[Osmf-talk] Modus operandi of the board

Paul Norman penorman at mac.com
Wed Oct 22 10:17:58 UTC 2014


I'm traveling for work, so haven't replied before now, but Frederik's description of the board workings has few surprises to me. I don't expect it has many surprises for any of those doing most of the foundation work.

On Oct 21, 2014, at 03:48 AM, Kathleen Danielson <kathleen.danielson at gmail.com> wrote:


Still, you raise a very important point: 

Reading this manifesto indicates that there is  little point in standing for election as there is nothing but frustration  to achieve in the board.

The OSMF board sounds like an emotionally exhausting and draining body. I can wholly empathize, but it's still a problem. Personally, I'm a bit less interested in all of the current board members answering for Frederik's take on the group, and more interested in what we (as members) can do to make it a more functional place. It seems to me that we (generally speaking) enjoy complaining that the board doesn't do anything, to which we generally hear the response that the board's mandate is intentionally narrow, and yet this little glimpse into what's going on in there gives a fairly stark view of the climate each of our board members are working within. In a situation such as that, how can you be expected to take on much else? Who has the energy to deal with diversity initiatives, for example, when everything is seen as so political?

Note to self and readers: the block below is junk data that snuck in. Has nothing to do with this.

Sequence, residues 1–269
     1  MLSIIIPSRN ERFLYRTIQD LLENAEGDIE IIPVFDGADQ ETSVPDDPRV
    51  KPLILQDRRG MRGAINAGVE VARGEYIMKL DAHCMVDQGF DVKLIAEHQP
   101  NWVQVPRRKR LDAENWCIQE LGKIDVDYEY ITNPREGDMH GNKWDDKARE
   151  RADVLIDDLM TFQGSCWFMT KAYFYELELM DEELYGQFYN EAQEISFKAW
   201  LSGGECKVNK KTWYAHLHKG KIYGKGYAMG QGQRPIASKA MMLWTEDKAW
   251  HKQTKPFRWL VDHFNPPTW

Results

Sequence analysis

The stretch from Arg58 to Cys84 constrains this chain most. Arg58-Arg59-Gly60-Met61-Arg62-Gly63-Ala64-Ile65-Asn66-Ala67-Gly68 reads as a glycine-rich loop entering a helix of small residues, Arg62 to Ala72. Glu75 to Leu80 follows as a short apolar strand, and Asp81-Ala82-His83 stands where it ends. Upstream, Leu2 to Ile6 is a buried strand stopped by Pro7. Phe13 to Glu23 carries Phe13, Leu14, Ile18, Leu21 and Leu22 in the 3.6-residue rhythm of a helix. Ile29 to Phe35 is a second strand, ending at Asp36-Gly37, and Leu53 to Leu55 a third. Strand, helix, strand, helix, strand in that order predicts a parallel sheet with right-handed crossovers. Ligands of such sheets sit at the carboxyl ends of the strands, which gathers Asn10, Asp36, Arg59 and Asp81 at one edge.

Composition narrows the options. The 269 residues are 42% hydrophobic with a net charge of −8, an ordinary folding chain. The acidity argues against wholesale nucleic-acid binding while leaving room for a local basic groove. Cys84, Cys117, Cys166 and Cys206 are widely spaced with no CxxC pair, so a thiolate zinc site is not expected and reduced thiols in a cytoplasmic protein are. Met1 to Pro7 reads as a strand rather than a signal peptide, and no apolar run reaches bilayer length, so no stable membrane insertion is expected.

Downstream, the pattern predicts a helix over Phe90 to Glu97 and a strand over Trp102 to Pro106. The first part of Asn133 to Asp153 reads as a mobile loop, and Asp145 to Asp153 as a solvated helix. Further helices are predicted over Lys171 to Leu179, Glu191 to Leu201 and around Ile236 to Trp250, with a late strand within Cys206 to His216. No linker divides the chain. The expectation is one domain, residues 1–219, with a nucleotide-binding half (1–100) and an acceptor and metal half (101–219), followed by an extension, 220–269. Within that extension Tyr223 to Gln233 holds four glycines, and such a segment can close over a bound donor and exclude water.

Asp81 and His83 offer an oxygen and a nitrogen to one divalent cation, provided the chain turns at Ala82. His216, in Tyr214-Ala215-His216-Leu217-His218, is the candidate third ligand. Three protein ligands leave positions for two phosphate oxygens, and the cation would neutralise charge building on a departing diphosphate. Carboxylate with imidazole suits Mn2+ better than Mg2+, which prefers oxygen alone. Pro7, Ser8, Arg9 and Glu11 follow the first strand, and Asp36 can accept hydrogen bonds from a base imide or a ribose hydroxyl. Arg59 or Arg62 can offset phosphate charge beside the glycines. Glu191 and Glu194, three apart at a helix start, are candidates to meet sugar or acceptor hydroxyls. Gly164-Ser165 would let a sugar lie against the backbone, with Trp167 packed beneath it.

Perhaps instead of the purpose of the board being too small, it's in fact too large-- maybe they need more support in the administrative workings. I'm reluctant to suggest more working groups, but finding some other mechanism for support that would free up the board to be more creative might be helpful. Maybe it's a matter of finding ways to test out new ideas in a less risky environment, meaning we as a membership need to encourage more experimentation and be more forgiving of failure. 

More support would be wonderful, but as it stands, more working groups would likely just shuffle the work around the 20 or so people who end up doing most of the work of the foundation. There have been repeated efforts to get more people involved, but these have not been particularly successful.

The cynic in me doubts this will change. Periodically, people speak of the need to start new initiatives or make changes, but when it comes down to volunteers to do the work required, as a general rule, no one steps forward.
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